Apple’s original Macintosh interface called for separate windows for each file and folder. This made drag-and-drop logical and intuitive. But when a window has tabs, it’s not so obvious how drag-and-drop works. You can still easily drag-and-drop between windows, but most obviously between the active tabs of windows.
But what happens if you need to drag-and-drop between different tabs in the same window? It’s not quite as intuitive. You can technically do so, but how the feature works depends upon the application. The result: there are a good number of Macintosh users who prefer separate windows over tabs, and who also like to see through to the Desktop.
If you’re one of those people, Adobe applications like Illustrator, Photoshop, InDesign, and others have settings that allow you to restore that interface behaviour. The ‘Window > Application Frame’ command will get you halfway. If you want to switch from tabbed windows to separate windows, you’ll need to take a trip to the Preference panels.
In the ‘InDesign > Preferences > Interface…’ panel, you’ll find the switches to control tabbed windows:
There are two switches that you’ll need to turn off: ‘Open Documents as Tabs’ and ‘Enable Floating Document Window Docking’. The first switch prevents tabs from forming as you create new documents, or open existing documents. The second switch disables an annoying feature that merges a window you’re moving into another window as a tab, whenever you overlap the two windows.
Other Adobe applications have similar settings for disabling tabbed windows – or enabling them, if you like. These settings are also in the Preferences panels, but in slightly different places than InDesign’s switches.
Another interface feature that some long-term InDesign users want to disable is the Home screen, which appears when you start InDesign.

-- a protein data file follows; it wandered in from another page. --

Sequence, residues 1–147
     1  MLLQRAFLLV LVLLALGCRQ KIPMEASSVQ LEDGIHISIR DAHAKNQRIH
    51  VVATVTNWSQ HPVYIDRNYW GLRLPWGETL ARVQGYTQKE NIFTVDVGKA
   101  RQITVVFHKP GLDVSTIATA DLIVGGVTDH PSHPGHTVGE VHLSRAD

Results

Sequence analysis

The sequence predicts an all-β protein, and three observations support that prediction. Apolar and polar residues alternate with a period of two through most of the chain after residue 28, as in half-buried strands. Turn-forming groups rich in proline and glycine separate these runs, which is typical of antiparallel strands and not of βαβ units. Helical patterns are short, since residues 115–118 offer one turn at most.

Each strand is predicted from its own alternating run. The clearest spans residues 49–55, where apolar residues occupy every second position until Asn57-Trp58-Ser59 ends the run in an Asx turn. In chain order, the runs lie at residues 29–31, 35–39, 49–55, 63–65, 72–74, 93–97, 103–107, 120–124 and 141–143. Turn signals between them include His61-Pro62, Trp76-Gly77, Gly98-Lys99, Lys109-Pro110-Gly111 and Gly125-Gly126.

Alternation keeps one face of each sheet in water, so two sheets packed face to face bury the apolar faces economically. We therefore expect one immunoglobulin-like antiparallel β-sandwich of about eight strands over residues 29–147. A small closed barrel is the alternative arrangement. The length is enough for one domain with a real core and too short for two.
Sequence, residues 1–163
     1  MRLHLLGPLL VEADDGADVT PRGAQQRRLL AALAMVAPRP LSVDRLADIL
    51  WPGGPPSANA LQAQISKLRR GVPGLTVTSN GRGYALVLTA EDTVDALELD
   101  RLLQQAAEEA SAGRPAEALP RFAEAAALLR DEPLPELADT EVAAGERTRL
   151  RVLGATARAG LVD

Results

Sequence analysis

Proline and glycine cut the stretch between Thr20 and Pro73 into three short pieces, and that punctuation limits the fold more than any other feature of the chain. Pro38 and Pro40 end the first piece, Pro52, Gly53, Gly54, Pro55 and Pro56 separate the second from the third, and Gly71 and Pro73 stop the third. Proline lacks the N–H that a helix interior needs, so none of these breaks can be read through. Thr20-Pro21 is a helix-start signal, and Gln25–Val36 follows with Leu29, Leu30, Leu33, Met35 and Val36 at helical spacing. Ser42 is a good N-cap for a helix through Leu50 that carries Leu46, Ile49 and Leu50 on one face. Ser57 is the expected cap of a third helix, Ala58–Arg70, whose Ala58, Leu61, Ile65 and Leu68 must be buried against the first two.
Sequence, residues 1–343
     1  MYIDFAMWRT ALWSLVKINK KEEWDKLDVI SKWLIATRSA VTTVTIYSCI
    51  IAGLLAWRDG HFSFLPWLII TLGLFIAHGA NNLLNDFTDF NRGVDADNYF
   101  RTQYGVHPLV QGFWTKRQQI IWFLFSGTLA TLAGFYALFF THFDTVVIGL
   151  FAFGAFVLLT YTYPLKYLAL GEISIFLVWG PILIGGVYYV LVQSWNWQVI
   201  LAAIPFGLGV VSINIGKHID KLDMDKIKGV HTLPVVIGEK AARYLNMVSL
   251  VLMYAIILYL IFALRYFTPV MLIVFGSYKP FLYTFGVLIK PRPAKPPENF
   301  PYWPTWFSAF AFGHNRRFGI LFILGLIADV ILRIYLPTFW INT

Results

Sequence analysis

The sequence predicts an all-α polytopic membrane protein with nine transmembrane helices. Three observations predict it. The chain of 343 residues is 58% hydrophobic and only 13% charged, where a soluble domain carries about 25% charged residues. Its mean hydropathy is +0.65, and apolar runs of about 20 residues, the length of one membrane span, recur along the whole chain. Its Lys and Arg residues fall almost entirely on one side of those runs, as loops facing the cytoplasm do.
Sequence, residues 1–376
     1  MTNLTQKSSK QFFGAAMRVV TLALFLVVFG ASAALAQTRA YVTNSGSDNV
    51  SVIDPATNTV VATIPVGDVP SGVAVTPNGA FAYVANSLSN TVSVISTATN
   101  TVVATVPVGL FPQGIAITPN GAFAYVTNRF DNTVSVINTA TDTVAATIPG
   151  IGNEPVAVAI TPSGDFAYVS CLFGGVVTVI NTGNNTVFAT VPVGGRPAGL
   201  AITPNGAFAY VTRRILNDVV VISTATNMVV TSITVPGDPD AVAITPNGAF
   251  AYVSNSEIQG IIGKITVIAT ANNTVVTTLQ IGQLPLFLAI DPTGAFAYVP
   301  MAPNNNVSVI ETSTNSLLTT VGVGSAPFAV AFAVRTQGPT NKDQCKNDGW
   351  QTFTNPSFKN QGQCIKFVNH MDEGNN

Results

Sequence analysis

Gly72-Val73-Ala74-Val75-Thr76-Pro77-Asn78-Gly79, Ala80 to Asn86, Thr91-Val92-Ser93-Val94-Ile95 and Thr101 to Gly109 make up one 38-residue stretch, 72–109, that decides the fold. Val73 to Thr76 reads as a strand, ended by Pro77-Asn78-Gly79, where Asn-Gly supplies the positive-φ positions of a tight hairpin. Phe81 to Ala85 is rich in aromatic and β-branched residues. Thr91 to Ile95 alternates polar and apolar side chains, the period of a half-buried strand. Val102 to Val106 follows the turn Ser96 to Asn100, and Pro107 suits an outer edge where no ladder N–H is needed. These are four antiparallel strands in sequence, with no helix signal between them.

The Home screen is a useful resource that gives you access to a range of Creative Cloud services. It also has an interface for creating new documents, which is visually different from the standard InDesign interface. These ‘New Document’ controls are simply a reflection of InDesign’s original ‘File > New > Document…’ dialogue box, which is disabled by default in newer versions of the software.
A complaint that I’ve heard from many InDesign users over the years is how the Home screen tends to slow down the application on startup. The most likely reason why this happens: sections of the Home screen need to actively download data from Adobe’s servers. If the servers are slow – or you don’t have a reliable internet connection – waiting for the Home screen to load can be both inconvenient and inefficient.
If you like the Home screen – but don’t like waiting for it to open – try disabling your computer’s internet connection completely before starting InDesign. You may notice that InDesign becomes remarkably snappier, although you also lose active access to online services like Adobe Fonts.
If you’re a long-term user of InDesign – or someone who doesn’t use any features of the Home screen other than the ‘New Document’ section – you can choose to permanently turn it off. Simply go to the InDesign > Preferences > General…’ panel:
At the very top of the ‘General’ panel are a couple of switches. Turn ‘Show Home Screen When No Documents Are Open’ off, and turn ‘Use Legacy “New Document” Dialog’ on. The first switch permanently disables the Home screen. The second switch returns you to the original version of the ‘File > New > Document…’ dialogue box:
Turning the Home screen off and the original ‘File > New > Document…’ dialogue box on returns InDesign to a more consistent interface. A particular advantage: InDesign starts faster. And getting to the point of creating a new document is much faster too, no matter how slow your internet connection is.
When you disable the application frame, tabs, and the Home screen, you can return the Macintosh version of InDesign back to the way it worked in the very beginning. You don’t have change all these settings: if you like tabs but not the Home screen, then keep tabs enabled.
The InDesign team have preserved existing working interfaces, while introducing newer ones. It’s up to you how you choose to work: configure InDesign’s interface to meet your own specific needs, rather than accepting the default application settings.
I hope that answers your question. If not, please let me know.